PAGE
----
Book proposal

I’m working on a book proposal – let me know what you think.

Ouroboros with textAn Ouroboros: Art, Money, and Entrepreneurial Action. The long form of a book will enable me to delve deeply into the relationships between art, innovation, entrepreneurship, and money to develop an argument that gets to the heart of what is arguably the most critical issue for the visual arts today: how can an artists make work and live in our late-capitalist society? The Ouroboros, the serpent eating its own tail, is a visual metaphor deployed to shift commonly held perspectives on, especially, the relationship between art and money. Art is the head; money is the tail, feeding and nourishing the head in a cycle that enables the organism to not only survive but also thrive. In essence, my thesis is that money does not sully art — it feeds it. Between the art and the money is the body: innovation and entrepreneurship. I employ Mihaly Csikszentmihalyi’s concept of innovation: a novel idea that is implemented and has impact on a domain. Is that not what the artist does: create something new and unique that has impact? Entrepreneurship is conceived as the discovery or creation of a mediating structure that can convert the artistic innovation into money so that the money can be re-invested in the artist and the making of more art.

I approach the study of art not through the lenses of history and criticism but rather as an artist (my MFA is in Design for Stage and Screen) and policy analyst (my PhD is in Public Administration and Policy). As such, I approach my analysis dramaturgically, assessing the given conditions, the setting, the actors (i.e., “characters”) in the arts economy, their motivations, and potential outcomes for both individuals and the economic social system of which we are all part. The book’s ten interconnected essays in four sections corresponding to the head, torso, belly, and tail of the Ouroboros: Art, Innovation, Entrepreneurship, and Money. The essays draw on my ten years of research, practice, and teaching in the nascent field of arts entrepreneurship to argue that entrepreneurial action leads to positive results for individual artists, but individual entrepreneurial action may not benefit the “arts sector” writ large. Artists who produce work entrepreneurially either as individuals or collectively are deployed as case study examples in each essay. Other data undergirding the essays comes from research conducted on artists’ professional development needs and on arts incubation practices about which I have previously written.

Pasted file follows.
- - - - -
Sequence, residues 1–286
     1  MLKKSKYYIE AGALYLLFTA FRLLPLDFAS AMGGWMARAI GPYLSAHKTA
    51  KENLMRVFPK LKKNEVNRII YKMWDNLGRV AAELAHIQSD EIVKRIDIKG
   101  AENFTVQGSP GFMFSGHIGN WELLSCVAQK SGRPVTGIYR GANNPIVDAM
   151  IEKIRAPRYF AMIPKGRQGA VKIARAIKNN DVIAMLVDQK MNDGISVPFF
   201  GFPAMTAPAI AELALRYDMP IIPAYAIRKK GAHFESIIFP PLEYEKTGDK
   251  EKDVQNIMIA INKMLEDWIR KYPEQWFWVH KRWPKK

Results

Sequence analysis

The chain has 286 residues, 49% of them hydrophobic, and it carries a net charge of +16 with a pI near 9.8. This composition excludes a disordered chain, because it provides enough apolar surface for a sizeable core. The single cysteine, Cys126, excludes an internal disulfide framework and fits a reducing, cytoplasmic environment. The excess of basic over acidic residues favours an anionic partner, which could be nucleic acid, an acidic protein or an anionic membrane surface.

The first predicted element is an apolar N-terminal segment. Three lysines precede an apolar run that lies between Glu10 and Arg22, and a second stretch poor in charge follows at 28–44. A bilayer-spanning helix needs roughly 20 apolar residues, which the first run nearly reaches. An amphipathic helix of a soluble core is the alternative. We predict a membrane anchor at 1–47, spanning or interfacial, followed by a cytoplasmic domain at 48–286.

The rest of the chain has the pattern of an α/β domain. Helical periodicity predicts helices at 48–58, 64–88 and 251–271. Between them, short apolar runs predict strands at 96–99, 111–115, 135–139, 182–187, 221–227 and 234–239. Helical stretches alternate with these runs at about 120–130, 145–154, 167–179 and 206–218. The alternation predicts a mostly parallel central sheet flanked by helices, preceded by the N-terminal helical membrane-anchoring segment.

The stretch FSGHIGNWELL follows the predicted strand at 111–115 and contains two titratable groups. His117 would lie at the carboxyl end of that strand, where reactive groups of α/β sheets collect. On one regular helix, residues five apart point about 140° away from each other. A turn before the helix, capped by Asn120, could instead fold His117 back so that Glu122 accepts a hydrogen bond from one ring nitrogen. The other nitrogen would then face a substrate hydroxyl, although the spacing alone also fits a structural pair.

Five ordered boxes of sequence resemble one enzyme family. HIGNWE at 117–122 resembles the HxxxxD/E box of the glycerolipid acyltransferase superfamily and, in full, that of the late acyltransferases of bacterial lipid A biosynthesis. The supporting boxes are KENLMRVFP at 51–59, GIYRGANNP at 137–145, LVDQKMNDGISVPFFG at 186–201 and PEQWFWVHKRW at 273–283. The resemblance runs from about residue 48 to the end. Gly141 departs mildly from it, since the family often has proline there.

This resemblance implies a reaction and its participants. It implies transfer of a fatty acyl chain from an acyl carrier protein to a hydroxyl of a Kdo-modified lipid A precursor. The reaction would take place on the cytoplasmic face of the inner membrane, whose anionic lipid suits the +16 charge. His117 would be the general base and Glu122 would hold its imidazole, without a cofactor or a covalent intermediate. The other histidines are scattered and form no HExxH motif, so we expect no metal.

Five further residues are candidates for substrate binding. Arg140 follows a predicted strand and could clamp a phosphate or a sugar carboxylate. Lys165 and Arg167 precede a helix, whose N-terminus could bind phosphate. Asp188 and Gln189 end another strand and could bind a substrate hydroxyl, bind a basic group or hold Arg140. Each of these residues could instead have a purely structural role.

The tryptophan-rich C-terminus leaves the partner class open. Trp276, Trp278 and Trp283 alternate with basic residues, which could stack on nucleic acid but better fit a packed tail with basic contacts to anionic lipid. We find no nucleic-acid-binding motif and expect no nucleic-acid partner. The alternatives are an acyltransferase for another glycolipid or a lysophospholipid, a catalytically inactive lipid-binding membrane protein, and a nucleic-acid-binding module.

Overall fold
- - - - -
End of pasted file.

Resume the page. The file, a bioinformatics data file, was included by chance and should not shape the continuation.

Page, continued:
About lindaessig

Linda Essig is director of Enterprise and Entrepreneurship Programs at the Herberger Institute for Design and the Arts at Arizona State University, including its award-winning arts entrepreneurship program, Pave: http://pave.asu.edu The opinions expressed on creativeinfrastructure are her own and not those of ASU. You can follow her on twitter @LindaInPhoenix and "like" the Pave Program in Arts Entrepreneurship at http://www.facebook.com/pages/pave-program-in-arts-entrepreneurship/386328970101 Find Pave's journal, Artivate, at http://artivate.org
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10 Responses to Book proposal

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  5. Man Cheung says:

    We have been struggling for that serpent for a long time, balancing the need for earning money vs the creation of theatre in an educational context. Education at least provides some kind of stable platform through which policy makers and financial controllers can justify arts spending. We are attempting to launch into developing more theatre and it is a real challenge to build audience and find financial support.. The deeper we are in education the more we are shunned by the “professional” arts community and the boards who provide necessary grants for any theatre to thrive. If we move away from education then our reach drops right off and we can’t connect with nearly as many young artists as we can now. I’m sure this is a common theme you come across on a regular basis.

  6. inannagram says:

    Ah, okay. I love the idea of a dramaturgical exploration. Are your essays already written, or are you submitting a proposed TOC/outline with sample chapters? Either way, if I were evaluating your proposal I’d want to know whether your content is mostly analytical or if you offer recommendations or possible courses of action for further development. Recommendations derived from your case studies and/or broader analysis might make for an easier deal, since publishing (especially NF) is so sales oriented these days; but that certainly doesn’t mean that you need to take a self-help approach. Perhaps you could just emphasize the benefits or potential benefits to more specific subsets of your general intended audience, such as: artists themselves (who may be fearful that an entrepreneurial approach means selling out, or flailing on their own in trying to figure out how to be entrepreneurial in their approach to the business side of their work); arts sector professionals in more supporting roles, either for-profit or nonprofit, who can translate your findings into more beneficial practices or programming; grantmakers or potential investors, who may wish to broaden their perspective or become more proactive in seeking out entrepreneurial artists or even developing opportunities for artist entrepreneurship.

  7. inannagram says:

    What a fascinating metaphor you’ve come up with…and an important topic. May I ask what audience you’re writing for (academic, lay artists, some other target demographic)?

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